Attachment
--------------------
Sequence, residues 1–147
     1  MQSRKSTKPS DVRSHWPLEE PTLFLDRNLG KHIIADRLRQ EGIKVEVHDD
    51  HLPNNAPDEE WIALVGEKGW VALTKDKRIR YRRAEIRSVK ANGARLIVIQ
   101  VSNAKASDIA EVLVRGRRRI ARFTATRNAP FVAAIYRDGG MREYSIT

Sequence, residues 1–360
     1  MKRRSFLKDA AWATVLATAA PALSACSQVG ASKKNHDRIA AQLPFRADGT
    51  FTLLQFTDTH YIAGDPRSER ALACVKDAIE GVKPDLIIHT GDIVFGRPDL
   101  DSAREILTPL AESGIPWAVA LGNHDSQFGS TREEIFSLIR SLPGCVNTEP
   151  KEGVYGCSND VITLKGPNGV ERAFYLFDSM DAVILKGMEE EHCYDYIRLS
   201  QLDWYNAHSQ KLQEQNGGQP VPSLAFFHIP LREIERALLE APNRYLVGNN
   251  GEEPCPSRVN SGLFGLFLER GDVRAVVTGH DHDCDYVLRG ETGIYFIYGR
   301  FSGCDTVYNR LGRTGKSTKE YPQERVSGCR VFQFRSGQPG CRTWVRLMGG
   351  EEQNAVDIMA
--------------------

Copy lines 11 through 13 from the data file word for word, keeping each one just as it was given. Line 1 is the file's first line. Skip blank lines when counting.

   251  GEEPCPSRVN SGLFGLFLER GDVRAVVTGH DHDCDYVLRG ETGIYFIYGR
   301  FSGCDTVYNR LGRTGKSTKE YPQERVSGCR VFQFRSGQPG CRTWVRLMGG
   351  EEQNAVDIMA